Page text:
Since the start of the year, CPD said 5,354 cars had been reported stolen or attempted to be stolen. Compare that number to the same time last year, when 2,984 vehicles were reported stolen or attempted stolen to CPD.

NBC 4 Columbus said, “45 percent of the cars stolen are Kias and Hyundais.” Columbus Police Commander Duane Mabry told NBC 4, “We’re seeing groups of kids four and five deep in a car, that they’re going around in a stolen car to steal a series of other cars or they’re stealing a bunch of cars and dumping a stolen car.”

The most stolen vehicle: pickup trucks

As hot as the Kias and Hyundais are for car thieves, pickup trucks always seem to top the most stolen vehicle list in the United States. The National Insurance Crime Bureau (NICB) just released its list of most stolen vehicles in 2021 and once again pickup trucks by GM and Ford topped the list.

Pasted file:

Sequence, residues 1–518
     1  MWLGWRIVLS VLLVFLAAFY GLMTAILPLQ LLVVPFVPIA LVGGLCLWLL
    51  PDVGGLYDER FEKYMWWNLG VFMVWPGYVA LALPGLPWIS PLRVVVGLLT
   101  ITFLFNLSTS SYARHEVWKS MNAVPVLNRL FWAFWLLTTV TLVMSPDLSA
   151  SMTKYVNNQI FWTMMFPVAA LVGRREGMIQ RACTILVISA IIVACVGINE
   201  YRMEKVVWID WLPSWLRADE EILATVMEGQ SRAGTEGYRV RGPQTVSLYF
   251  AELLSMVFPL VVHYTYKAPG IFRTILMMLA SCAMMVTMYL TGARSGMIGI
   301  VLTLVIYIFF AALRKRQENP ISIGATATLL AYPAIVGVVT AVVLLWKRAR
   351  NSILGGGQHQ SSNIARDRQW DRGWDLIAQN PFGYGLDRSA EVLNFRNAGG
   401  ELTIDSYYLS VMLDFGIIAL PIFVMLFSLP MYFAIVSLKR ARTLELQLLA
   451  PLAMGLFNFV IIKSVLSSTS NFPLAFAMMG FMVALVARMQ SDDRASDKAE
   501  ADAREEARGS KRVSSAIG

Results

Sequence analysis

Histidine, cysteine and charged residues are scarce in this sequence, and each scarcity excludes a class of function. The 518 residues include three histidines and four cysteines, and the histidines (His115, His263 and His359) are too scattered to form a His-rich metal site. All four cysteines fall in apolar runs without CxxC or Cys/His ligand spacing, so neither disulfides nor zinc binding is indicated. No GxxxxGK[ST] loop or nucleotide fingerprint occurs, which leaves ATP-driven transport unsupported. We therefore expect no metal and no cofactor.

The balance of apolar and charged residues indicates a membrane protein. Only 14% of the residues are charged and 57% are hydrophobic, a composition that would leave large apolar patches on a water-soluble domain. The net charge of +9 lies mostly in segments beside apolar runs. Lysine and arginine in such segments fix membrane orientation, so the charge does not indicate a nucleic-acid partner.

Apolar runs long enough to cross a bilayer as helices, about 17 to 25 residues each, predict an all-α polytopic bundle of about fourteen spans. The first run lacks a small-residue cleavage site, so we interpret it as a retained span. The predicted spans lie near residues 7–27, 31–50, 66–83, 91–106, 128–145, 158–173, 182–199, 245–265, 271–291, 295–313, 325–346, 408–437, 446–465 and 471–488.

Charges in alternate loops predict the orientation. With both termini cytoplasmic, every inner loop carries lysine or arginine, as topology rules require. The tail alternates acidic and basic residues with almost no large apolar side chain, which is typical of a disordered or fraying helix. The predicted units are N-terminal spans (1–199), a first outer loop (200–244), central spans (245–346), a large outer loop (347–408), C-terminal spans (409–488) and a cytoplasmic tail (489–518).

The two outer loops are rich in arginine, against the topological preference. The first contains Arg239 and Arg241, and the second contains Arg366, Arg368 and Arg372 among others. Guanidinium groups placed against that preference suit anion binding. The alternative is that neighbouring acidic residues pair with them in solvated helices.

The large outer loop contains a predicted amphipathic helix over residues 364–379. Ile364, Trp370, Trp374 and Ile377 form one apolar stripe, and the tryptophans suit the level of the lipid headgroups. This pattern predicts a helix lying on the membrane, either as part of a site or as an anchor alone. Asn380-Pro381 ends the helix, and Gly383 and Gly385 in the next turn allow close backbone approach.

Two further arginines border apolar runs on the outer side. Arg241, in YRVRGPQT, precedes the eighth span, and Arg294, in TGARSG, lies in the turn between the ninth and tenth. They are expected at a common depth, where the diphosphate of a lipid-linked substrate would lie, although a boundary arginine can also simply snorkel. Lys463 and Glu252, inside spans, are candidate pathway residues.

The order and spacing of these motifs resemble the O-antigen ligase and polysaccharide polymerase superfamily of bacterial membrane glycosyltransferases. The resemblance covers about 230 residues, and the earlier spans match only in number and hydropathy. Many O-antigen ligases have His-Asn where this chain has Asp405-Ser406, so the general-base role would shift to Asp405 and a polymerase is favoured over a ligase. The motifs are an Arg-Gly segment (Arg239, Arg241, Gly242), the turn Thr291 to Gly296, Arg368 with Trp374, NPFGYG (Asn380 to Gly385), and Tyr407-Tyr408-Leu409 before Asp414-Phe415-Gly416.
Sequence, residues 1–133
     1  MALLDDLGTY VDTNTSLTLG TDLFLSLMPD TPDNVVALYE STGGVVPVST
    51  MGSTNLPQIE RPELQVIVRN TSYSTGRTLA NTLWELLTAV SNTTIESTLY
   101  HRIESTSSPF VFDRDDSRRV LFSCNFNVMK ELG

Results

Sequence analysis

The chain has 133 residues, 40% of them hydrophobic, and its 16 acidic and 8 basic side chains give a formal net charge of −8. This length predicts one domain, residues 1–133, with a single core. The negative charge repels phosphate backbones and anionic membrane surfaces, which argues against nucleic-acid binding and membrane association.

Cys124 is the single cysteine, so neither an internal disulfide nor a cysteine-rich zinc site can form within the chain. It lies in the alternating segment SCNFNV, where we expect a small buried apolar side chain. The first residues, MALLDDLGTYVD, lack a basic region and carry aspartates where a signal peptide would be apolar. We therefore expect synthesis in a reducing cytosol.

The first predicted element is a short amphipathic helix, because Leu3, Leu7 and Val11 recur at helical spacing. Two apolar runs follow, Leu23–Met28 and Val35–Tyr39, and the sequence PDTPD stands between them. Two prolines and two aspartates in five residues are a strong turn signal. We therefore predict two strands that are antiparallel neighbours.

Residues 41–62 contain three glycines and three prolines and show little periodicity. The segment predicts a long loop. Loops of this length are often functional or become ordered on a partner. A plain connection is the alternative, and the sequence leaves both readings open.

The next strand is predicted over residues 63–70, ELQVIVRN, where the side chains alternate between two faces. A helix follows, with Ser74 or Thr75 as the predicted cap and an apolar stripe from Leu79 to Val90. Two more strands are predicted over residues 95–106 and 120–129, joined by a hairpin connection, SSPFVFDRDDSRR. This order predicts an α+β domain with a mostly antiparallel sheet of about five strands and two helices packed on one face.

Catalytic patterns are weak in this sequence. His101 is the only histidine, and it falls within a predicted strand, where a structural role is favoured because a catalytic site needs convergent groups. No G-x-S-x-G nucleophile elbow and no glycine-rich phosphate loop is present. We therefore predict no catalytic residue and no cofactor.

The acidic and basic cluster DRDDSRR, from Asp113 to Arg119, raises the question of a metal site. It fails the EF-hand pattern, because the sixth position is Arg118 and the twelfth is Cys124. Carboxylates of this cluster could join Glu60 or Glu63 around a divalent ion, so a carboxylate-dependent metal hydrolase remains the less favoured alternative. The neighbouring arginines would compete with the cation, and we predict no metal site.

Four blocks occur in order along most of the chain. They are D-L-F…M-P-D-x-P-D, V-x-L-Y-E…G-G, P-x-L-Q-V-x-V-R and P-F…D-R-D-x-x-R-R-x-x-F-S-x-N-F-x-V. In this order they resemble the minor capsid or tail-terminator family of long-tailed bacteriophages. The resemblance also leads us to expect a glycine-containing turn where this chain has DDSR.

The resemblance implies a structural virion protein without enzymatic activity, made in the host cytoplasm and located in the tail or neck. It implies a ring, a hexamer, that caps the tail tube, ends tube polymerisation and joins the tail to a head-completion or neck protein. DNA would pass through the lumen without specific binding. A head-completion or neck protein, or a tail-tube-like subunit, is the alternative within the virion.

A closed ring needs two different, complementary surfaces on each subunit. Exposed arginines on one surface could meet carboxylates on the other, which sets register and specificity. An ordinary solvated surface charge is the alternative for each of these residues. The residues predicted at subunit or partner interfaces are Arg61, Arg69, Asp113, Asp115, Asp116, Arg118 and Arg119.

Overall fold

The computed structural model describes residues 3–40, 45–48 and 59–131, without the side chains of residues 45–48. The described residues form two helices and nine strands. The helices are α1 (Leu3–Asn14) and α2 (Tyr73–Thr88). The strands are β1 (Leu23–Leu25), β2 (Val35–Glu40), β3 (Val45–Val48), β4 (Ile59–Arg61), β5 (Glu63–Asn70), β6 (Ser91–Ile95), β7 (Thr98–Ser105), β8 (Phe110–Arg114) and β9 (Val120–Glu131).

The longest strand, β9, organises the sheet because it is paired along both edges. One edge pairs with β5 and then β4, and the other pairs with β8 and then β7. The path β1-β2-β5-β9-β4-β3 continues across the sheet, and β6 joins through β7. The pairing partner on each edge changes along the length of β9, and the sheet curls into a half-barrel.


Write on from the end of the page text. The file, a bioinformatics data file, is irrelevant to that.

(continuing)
GM Authority reported:

NICB noted that nearly one million vehicles in total were stolen last year, and that 14 percent of those vehicles were Chevy, Ford, or GMC full-size pickups.

NICB President and CEO, David Glawe, said that the uptick in vehicle thefts is likely a result of ongoing automotive supply issues and an increase in demand for used vehicles. “Crime is a business, and business is good,” said Glawe. “Used car values are at historical highs. We have seen a nearly 35-percent increase in used car values over the last two years due to supply chain issues and inflation. Stolen cars can be shipped overseas and resold or broken down for valuable used car parts here in the U.S.”

Motor Biscuit says:

Every year it seems as though the top 2 spots flip-flop. For 2021, the most stolen car was a Chevrolet Silverado. With more than 48,000 models stolen, this truck edged the second spot by just a few hundred thefts. Furthermore, the most stolen Chevrolet Silverado was the 2004 model year.

One big reason this was the most stolen car for 2021 was the older security technology in this truck. Automakers are constantly working hard to offer more advanced security features.

(Motor Biscuit)

Critically important farm labor bill will die without action soon